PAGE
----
Newport used infrared imagery to measure the surface temperature of the wall. The exterior temperature of the insulated siding section turned out to be colder than that of the fiber cement siding. This shows that insulated siding minimizes heat loss through the wall assembly, especially through the studs, which have the lowest R-value in the overall assembly. Based on a building energy simulation, Newport projected that the Burnt Hills home could save significant resources by builders specifying insulated siding over fiber cement siding. Specifically, doing so would save 3.2 million Btu of energy consumed annually, 488 lb of CO2 emissions associated with that energy use, and $56 per year in natural-gas and electric utility costs.
Because the benefits of insulated siding vary across climate zones in the United States, Newport conducted building energy simulations on the same home across the eight IECC climate zones. The simulations were based on a typical 2,280 ft2 two-story home with energy efficiency equipment that complied with the minimum prescriptive path of 2006 IECC, except vinyl windows and basement insulation, Newport determined that using insulated siding in lieu of fiber cement siding across all eight climate zones would produce energy savings of 0.6–6.2 MMBtu (average 3.3 MMBtu); a decrease in the HERS index of 1 to 2 points (average 1.9 points); a decrease in CO2 emissions of 167–755 lb (average 497 lb); and utility cost savings of 2–5% (average 3%), based on total heating, cooling, and water-heating costs.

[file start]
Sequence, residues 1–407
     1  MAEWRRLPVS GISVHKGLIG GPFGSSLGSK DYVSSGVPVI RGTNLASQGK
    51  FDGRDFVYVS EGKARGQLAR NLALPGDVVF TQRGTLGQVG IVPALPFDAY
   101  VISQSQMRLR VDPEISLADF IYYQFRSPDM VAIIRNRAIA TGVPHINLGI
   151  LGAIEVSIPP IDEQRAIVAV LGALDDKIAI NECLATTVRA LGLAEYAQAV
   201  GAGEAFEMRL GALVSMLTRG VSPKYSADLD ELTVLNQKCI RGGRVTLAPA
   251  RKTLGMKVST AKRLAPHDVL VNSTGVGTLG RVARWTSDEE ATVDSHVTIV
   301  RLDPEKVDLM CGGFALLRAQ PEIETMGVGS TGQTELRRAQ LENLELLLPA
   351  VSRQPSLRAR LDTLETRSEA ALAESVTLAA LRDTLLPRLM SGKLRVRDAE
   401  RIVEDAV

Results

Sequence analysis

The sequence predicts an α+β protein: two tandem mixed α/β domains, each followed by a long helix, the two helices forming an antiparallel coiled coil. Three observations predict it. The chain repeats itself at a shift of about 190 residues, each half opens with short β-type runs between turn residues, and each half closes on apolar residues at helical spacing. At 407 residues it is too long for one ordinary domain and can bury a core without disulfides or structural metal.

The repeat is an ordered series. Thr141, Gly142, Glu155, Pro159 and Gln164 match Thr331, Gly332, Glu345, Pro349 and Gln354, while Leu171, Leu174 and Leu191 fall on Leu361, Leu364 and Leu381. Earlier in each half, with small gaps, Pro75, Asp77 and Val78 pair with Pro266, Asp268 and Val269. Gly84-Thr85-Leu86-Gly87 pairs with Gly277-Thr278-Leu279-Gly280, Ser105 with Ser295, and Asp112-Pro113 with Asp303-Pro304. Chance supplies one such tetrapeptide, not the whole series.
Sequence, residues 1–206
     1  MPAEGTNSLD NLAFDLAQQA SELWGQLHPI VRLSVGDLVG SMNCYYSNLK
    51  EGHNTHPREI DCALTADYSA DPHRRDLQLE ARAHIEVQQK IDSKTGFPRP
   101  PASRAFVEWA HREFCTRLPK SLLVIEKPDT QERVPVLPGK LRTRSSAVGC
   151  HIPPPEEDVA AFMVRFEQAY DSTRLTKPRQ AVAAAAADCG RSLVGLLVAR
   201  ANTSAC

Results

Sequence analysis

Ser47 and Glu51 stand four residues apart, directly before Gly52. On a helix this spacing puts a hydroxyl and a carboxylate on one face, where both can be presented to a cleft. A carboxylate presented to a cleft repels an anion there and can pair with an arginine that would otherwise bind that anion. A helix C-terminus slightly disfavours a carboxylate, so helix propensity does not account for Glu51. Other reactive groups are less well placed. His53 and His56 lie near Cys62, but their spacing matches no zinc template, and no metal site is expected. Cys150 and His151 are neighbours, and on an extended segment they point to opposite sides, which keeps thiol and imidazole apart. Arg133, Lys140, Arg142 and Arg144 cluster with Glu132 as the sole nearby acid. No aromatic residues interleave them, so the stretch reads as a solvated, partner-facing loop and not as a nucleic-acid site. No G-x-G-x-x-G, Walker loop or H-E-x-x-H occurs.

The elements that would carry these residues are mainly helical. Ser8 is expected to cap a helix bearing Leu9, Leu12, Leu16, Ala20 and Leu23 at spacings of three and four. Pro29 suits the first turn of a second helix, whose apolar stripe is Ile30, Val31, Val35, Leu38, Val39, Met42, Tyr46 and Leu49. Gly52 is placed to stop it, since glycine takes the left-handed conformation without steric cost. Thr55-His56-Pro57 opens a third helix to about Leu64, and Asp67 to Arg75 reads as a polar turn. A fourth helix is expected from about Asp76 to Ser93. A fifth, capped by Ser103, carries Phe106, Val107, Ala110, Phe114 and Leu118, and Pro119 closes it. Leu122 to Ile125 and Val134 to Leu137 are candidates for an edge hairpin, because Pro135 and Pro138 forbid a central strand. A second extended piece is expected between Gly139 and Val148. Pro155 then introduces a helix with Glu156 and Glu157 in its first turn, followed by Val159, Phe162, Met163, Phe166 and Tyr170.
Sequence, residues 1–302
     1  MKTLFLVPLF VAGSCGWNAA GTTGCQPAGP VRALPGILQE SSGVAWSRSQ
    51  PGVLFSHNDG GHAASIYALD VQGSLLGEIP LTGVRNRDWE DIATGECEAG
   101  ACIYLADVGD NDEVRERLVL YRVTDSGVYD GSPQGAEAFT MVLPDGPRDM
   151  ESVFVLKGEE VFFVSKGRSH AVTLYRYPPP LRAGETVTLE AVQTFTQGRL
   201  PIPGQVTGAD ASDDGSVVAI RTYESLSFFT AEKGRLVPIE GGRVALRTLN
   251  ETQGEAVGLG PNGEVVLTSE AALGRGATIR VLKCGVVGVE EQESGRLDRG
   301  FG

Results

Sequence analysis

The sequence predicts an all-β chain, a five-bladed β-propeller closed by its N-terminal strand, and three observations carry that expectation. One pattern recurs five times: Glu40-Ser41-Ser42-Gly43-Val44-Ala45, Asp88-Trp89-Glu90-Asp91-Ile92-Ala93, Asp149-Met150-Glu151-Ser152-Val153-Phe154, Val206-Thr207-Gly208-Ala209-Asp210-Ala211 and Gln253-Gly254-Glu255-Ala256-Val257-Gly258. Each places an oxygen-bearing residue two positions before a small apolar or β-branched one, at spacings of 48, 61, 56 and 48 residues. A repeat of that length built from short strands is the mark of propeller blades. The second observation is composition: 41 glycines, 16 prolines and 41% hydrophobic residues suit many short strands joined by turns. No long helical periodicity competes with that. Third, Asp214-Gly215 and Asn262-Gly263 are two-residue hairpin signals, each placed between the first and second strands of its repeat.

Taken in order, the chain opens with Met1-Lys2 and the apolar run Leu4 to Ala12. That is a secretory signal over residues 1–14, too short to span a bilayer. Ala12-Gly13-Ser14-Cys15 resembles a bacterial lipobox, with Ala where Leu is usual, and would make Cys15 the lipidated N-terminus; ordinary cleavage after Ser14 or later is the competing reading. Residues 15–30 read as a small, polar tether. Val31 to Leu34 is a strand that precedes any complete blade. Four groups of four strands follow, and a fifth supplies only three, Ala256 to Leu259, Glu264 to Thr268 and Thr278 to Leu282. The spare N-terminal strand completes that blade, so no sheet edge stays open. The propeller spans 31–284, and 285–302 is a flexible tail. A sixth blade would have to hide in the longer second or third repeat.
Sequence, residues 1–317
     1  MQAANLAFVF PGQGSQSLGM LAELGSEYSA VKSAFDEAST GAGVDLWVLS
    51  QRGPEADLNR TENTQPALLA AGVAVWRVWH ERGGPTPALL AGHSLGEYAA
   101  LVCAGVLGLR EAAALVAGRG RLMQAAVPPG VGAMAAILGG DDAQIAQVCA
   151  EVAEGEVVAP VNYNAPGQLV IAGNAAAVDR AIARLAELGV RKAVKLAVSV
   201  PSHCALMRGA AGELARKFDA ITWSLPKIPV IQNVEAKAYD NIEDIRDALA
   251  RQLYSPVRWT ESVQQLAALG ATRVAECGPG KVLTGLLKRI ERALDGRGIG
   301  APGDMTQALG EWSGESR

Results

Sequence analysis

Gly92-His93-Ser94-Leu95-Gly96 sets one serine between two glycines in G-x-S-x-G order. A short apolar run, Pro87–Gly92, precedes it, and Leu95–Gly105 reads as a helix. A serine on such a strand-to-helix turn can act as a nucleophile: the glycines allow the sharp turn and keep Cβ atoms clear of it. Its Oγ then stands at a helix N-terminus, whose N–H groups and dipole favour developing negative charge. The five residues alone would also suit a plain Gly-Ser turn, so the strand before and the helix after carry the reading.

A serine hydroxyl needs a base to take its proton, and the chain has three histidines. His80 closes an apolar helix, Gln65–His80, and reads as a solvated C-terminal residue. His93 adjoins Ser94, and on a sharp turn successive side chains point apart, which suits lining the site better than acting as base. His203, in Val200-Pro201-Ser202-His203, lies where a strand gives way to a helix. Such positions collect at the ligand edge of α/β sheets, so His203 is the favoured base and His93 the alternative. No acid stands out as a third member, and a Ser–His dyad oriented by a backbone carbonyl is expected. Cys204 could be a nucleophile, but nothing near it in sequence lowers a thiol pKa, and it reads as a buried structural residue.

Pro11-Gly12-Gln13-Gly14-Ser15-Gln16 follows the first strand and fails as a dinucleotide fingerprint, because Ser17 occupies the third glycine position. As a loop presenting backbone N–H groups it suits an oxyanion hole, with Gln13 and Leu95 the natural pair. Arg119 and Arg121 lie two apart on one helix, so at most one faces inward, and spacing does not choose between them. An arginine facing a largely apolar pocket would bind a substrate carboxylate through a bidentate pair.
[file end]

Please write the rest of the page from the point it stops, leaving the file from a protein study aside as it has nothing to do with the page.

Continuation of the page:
Matt Dobson is director of code and regulatory for the Vinyl Siding Institute. VSI is located in Washington, D.C.; it is the trade association for the suppliers of vinyl and other polymeric siding to the industry.
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For the FTC regulations governing home insulation claims, including claims regarding the thermal insulation value provided by the manufacturer, see 16 C.F.R. Part 460. Go to www.access.gpo.gov/nara/cfr/waisidx_10/16cfr460_10.html).
Additional information about insulated siding and U-factor calculations is available in VSI’s Insulated Siding as Home Insulation: Guide for Users and Energy Raters. To download a free copy, go to www.insulatedsiding.info. VSI also offers a free webinar on insulated siding as home insulation.
To learn more, go to www.vinylsiding.org.
To learn more about the NYSERDA study mentioned at the end of the article, visit www.vinylsiding.org/aboutsiding/insulated/nyserda/index.asp.